Recording also benefits police. Survey data from hundreds of law enforcement agencies that record their interrogations shows that officers overwhelmingly support the practice and laud its many benefits. They explained that recording keeps them free to focus on the suspect rather than on taking copious notes during an interrogation. It also enables them to later review the tapes, which may reveal important details that were initially overlooked. Finally, they noted that recording has reduced unwarranted allegations of misconduct, and when such allegations do arise, they are now easier to refute. Summarizing the results of these surveys, one researcher explained having "yet to encounter one law enforcement officer who desires to return to non-recorded interviews."

Recording should also improve the accuracy of fact-finding at trial. In the Central Park-Jogger case, the boys were interrogated off-camera for between 14 to 30 hours before giving videotaped confession statements. What happened during this time became the subject of much dispute: the boys claimed to have been slapped, threatened, fed details of the crime and told that they were being questioned only as witnesses, while police denied these claims. If jurors are able to view these interrogations for themselves, such dispute becomes unnecessary. Access to an unabridged recording would give jurors a better sense of how the confession came about, and in this case, may have prevented a miscarriage of justice.

Two common objections to recording have been expressed. The first is that recording will be logistically and/or financially difficult for police. In an age where the average cell phone comes equipped with audio- and video-recording devices, this position is untenable. The second is that the presence of a camera will inhibit suspects, making it harder for police to obtain confessions from perpetrators. There exists no empirical evidence for this claim, and surveys of interrogators who routinely record suggest that recording does not impede them. In "one-party consent" states, where suspects need not be informed that they are being recorded, this concern is moot.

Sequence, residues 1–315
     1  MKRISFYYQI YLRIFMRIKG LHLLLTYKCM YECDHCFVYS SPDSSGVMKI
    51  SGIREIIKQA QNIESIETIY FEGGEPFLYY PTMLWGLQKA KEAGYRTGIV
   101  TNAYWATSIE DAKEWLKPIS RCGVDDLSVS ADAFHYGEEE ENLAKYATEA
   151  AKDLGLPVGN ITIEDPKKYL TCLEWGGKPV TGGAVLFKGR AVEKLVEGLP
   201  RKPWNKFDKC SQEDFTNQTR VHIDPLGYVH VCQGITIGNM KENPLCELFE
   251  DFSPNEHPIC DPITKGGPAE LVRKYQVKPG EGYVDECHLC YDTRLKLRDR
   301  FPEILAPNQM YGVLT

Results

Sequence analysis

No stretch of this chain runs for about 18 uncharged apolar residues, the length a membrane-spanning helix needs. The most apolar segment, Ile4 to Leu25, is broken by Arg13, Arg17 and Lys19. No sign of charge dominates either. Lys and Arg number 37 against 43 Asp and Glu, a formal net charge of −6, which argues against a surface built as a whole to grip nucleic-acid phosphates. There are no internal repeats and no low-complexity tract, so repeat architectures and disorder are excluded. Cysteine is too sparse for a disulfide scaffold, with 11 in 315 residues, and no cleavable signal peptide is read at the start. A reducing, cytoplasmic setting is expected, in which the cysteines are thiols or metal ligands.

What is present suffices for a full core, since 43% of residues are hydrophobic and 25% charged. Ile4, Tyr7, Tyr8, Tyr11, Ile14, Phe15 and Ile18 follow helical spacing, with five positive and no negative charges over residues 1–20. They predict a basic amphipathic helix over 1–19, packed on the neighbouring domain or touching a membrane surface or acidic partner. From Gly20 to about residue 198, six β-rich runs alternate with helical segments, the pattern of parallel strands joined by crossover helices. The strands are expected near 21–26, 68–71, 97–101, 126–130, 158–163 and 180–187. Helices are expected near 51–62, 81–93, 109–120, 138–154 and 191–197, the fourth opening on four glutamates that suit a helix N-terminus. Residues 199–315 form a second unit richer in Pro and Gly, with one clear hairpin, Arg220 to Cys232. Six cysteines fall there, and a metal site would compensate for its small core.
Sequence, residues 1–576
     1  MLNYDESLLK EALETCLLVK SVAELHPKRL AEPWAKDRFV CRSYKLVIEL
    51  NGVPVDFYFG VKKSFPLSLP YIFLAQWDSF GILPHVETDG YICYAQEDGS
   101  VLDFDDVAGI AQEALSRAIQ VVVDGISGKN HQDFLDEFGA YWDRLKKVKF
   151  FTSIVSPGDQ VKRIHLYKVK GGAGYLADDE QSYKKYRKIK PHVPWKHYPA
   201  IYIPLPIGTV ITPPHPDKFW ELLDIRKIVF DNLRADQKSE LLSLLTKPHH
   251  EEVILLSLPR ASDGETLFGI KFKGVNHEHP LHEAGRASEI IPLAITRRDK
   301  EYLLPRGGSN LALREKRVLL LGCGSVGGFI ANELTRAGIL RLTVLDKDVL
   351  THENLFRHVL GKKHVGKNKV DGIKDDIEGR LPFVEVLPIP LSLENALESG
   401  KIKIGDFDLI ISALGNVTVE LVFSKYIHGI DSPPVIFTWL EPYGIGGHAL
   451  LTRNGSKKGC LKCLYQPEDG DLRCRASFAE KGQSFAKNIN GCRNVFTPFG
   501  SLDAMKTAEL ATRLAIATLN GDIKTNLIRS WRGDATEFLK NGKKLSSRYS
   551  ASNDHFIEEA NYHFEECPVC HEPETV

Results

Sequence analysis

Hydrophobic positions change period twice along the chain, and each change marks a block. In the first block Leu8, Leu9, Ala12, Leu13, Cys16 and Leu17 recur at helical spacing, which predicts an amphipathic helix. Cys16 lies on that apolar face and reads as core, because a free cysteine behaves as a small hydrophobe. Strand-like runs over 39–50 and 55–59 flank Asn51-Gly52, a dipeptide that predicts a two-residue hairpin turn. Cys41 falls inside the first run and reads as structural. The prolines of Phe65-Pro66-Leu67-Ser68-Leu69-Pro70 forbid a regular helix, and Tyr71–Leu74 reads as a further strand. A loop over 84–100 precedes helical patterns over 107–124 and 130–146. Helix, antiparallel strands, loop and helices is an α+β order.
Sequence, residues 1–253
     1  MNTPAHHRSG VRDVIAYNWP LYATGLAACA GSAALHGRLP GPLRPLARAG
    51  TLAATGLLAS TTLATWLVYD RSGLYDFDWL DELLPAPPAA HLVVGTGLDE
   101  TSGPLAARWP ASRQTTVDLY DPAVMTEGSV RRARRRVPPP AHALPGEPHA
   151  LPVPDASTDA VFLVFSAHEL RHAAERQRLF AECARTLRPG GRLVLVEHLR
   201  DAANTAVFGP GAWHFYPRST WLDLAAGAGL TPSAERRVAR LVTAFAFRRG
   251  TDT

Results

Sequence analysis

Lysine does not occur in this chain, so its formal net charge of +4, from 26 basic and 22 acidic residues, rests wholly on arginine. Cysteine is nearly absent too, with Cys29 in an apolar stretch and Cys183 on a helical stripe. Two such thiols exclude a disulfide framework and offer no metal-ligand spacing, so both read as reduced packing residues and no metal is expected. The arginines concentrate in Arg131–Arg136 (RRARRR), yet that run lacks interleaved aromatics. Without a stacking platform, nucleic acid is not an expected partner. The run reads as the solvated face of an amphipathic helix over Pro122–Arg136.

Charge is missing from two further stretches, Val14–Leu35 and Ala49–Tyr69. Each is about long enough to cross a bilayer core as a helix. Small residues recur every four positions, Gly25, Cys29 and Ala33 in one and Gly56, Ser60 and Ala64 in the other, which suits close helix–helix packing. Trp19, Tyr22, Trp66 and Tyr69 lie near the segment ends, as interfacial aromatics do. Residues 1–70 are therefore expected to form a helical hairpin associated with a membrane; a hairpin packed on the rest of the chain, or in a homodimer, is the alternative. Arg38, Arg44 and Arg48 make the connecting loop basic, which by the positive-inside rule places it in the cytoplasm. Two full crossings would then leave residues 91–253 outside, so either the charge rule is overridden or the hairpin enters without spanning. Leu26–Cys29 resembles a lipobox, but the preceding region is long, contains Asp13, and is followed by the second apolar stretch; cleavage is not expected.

Wrongful convictions are costly to defendants. They are costly to taxpayers. They are costly to public safety, insofar as they enable the true perpetrator to victimize others. The man who attacked the Central Park Jogger, for example, raped two other women (and murdered one) after the boys were arrested and the case was deemed closed. In contrast, recording interrogations carries little cost and many benefits, including greater public confidence in our justice system. Willfully denying juries access to this information is irresponsible and antithetical to justice. It's time to prove that we've learned from our mistakes.

This blog post is part of a series produced by The Huffington Post and the producers of "The Central Park Five," a film that documents the wrongful convictions of five New York City youths. A $250 million wrongful-conviction lawsuit filed by the Central Park Five has yet to be settled. To see all the other posts in the series, visit here. For more information about the film -- or the book that inspired it -- visit here.